This is the fifth and final part of my series on Getting the Most from your Doctor. In part four of this series, I talked about diabetes and Hemoglobin A1C, and gave you tips on how to decrease the risk of diabetes with effective lifestyle changes. In part five, I’ll discuss TSH and Thyroid Function.
There are so many people out there walking around with undiagnosed hypothyroidism. And they’re fatigued, they can’t lose weight, they lose their hair, they’re constipated, they have dry skin, dry brittle nails and hair.
And these people can be so easily helped – they can look and feel so much better – with just a little thyroid hormone.
TSH and Thyroid Function
To check your thyroid function, you need a TSH (thyroid-stimulating hormone) test at the minimum.
Personally, I recommend a full thyroid panel for patients, because I want to know what’s really going on with their thyroids. But some people don’t even get a routine TSH check! And that’s the first place to look for hypothyroidism.
What are the optimal numbers for your TSH?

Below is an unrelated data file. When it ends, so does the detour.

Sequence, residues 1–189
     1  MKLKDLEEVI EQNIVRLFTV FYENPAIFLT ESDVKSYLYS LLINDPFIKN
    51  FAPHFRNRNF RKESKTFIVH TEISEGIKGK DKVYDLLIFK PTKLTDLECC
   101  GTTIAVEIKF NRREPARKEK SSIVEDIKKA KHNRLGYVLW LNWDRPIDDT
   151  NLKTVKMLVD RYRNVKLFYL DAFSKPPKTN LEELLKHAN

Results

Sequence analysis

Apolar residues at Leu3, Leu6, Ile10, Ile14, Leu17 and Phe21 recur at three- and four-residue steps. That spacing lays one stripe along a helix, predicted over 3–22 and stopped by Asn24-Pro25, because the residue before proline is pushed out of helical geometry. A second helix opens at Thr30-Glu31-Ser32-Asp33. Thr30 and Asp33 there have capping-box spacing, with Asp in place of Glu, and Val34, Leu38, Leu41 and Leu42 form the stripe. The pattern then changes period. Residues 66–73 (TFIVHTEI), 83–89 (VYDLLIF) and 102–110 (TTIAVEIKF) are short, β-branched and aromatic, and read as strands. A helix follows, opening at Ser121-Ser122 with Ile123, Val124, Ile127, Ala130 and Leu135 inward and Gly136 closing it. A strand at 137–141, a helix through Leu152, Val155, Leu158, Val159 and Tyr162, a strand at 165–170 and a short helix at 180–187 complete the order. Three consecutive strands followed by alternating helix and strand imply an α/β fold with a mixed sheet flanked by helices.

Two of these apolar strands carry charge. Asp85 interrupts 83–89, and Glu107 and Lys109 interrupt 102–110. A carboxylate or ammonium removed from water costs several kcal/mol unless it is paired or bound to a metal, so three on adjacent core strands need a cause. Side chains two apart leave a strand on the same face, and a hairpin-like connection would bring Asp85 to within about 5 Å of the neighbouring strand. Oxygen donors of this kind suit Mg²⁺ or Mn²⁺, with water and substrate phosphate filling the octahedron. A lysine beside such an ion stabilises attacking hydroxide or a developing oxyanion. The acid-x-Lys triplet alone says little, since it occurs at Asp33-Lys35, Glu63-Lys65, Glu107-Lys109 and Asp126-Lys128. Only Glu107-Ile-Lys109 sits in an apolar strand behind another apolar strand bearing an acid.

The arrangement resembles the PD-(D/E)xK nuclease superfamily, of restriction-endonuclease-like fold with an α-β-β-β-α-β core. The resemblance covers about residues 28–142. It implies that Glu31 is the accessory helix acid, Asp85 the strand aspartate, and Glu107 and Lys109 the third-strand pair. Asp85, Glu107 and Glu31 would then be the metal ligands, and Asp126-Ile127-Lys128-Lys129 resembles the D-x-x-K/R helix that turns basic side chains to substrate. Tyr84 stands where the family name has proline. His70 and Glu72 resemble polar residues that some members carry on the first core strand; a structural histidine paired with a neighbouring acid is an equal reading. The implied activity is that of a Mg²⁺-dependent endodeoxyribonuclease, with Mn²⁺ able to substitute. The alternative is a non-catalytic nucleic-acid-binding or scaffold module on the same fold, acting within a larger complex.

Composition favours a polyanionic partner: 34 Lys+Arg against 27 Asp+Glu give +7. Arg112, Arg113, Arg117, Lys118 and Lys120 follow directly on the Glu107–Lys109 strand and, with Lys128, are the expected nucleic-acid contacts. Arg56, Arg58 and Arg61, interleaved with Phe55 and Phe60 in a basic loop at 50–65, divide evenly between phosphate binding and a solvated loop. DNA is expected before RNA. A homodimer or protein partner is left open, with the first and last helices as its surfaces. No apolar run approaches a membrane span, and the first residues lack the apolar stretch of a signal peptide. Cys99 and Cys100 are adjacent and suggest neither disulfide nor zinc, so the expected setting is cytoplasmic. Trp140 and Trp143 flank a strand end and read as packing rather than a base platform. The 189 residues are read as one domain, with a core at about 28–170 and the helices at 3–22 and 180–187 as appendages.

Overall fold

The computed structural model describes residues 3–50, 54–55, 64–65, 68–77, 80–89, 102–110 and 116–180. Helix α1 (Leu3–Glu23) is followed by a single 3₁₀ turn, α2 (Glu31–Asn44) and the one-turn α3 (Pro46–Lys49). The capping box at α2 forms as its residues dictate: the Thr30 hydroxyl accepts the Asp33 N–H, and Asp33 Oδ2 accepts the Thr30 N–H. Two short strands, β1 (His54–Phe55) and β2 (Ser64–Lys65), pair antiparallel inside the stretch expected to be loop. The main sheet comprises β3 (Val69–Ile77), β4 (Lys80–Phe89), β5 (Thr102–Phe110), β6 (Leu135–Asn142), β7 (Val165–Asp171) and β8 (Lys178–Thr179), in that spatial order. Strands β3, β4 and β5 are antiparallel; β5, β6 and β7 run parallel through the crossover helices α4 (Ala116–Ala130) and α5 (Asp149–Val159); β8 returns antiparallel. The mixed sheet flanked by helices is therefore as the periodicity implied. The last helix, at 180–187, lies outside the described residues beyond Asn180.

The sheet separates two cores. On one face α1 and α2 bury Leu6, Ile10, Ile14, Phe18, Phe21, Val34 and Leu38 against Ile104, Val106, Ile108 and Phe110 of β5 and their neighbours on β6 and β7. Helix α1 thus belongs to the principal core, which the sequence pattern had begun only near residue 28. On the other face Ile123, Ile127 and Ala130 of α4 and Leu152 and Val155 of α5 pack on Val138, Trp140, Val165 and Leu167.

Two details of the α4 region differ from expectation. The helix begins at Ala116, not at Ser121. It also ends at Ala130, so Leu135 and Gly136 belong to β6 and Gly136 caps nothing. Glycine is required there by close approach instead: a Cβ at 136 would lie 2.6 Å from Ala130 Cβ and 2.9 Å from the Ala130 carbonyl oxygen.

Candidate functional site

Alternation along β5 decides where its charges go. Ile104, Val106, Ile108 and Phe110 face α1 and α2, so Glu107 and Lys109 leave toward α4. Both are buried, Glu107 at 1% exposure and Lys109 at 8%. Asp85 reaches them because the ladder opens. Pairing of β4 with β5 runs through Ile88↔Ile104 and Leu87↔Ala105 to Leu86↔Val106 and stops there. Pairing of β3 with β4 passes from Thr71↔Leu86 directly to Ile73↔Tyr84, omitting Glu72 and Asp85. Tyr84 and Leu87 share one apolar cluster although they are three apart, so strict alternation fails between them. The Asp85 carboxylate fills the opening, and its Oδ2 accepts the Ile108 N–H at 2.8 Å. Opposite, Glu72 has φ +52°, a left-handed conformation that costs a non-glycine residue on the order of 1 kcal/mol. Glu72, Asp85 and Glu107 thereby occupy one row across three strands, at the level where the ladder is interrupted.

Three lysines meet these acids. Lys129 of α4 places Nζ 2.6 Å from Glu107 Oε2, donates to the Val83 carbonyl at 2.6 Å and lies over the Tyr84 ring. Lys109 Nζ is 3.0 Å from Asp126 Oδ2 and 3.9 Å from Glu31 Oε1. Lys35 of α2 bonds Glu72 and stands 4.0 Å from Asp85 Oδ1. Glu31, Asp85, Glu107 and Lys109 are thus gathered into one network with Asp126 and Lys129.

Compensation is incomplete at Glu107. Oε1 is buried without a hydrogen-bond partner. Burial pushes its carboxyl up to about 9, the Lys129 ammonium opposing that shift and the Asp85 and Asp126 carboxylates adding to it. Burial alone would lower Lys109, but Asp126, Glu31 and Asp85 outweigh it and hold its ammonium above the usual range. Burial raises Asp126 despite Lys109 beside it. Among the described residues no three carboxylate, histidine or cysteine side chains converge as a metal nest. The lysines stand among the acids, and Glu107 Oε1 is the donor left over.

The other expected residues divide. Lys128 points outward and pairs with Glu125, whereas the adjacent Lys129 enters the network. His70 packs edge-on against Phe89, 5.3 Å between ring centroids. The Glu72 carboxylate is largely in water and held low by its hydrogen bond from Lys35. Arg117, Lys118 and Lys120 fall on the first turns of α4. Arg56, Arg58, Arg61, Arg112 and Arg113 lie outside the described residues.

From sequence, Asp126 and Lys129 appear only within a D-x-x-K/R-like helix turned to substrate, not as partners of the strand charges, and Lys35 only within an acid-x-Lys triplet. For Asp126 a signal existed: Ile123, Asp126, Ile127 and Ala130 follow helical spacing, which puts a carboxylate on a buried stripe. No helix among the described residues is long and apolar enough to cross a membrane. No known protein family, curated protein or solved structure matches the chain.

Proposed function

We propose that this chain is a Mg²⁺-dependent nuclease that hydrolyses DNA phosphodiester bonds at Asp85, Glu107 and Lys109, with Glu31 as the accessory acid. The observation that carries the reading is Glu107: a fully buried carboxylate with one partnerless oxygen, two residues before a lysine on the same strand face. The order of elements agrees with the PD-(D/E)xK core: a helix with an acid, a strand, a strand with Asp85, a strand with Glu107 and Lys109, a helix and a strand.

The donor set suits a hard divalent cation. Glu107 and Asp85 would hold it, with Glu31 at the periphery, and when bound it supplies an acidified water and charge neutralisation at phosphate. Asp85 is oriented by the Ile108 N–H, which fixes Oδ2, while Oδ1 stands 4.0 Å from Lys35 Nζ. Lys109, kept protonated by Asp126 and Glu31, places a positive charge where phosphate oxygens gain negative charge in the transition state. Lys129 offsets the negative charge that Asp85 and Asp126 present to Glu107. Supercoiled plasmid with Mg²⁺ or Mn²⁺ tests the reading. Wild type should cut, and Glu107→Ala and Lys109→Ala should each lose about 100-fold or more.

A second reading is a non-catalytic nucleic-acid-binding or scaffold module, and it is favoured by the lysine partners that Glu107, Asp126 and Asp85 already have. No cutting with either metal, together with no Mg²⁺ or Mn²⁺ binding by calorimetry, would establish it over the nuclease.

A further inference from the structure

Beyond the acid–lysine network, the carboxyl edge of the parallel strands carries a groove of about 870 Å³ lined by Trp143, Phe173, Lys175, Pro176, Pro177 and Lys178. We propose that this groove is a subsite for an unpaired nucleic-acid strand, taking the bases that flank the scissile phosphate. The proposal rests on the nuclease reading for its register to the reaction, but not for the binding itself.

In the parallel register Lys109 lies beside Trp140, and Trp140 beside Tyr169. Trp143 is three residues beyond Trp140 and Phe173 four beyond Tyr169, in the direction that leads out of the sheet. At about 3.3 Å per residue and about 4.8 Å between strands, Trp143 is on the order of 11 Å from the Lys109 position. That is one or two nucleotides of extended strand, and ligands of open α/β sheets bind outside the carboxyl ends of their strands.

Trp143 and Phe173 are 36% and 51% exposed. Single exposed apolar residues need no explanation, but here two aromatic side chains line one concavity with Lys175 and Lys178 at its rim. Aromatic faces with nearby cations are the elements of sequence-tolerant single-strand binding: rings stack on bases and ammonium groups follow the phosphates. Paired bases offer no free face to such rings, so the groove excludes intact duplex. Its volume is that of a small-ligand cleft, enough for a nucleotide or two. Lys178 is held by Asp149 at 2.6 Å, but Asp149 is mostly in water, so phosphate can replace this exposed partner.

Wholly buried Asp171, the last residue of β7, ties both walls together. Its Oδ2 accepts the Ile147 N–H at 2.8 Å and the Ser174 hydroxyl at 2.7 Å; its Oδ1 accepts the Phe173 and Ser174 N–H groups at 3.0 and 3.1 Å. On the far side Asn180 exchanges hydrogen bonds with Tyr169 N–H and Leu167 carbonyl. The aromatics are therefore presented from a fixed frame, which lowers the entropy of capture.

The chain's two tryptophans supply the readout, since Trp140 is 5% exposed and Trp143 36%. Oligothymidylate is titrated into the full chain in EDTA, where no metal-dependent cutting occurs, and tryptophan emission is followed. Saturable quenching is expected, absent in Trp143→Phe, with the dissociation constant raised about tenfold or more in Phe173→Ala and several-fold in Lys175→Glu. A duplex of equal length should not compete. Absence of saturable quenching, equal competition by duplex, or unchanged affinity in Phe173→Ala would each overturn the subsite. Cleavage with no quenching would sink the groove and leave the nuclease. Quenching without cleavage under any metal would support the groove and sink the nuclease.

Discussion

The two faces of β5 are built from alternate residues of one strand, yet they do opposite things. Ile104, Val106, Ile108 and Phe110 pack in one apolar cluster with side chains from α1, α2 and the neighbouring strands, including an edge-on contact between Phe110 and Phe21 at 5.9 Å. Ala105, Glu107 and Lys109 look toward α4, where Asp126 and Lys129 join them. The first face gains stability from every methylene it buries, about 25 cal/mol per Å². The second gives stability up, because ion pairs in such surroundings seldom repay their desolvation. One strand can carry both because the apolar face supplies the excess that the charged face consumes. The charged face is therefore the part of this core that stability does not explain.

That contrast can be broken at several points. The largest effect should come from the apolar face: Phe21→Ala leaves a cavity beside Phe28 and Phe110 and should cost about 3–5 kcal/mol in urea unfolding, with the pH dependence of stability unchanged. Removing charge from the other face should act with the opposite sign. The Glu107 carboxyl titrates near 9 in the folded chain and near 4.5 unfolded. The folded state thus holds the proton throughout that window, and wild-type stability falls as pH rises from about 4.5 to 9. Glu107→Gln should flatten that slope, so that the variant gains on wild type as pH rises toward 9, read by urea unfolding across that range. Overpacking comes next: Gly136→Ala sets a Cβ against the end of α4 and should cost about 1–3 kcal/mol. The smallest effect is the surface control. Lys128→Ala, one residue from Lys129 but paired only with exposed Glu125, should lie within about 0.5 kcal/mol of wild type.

The normal level for TSH is a controversial number. It used to be considered normal if your TSH level was under 10 (measured in mIU/L). That number has changed over the years, and now many doctors – and even the endocrine society – say that we should really be looking for a TSH cutoff of around 3.0.
But really, for people to feel their best – for those optimal levels – we should be looking for TSH levels under 3.0. Most patients really do feel their best with a TSH of under 1.0, which is much lower than the usual cutoff.
Make sure that next time you visit your doctor, you get your TSH tested. And have your doctor look at all the other numbers we’ve talked about in this series – your blood pressure, your inflammation level, your Vitamin D, your Hemoglobin A1C – to make sure you’re at the optimal levels I’ve shared with you.
Because normal’s not enough. For disease prevention, for you to look and feel your very best, go for optimal!
Getting the Most from Your Doctor – Prevention vs. Disease
A doctor’s training goes something like this: here is a disease and here is the medicine to treat that disease.
This may sound simplified, but most doctors are not trained in how to keep people from becoming unhealthy or how to prevent unwanted medical situations from happening. In a word, they are not trained in prevention.
It’s up to each of us to become educated in disease prevention – and practice it on ourselves and our families
Wishing you health, happiness, and great moments,
Dr. Jen, Hormone Expert MD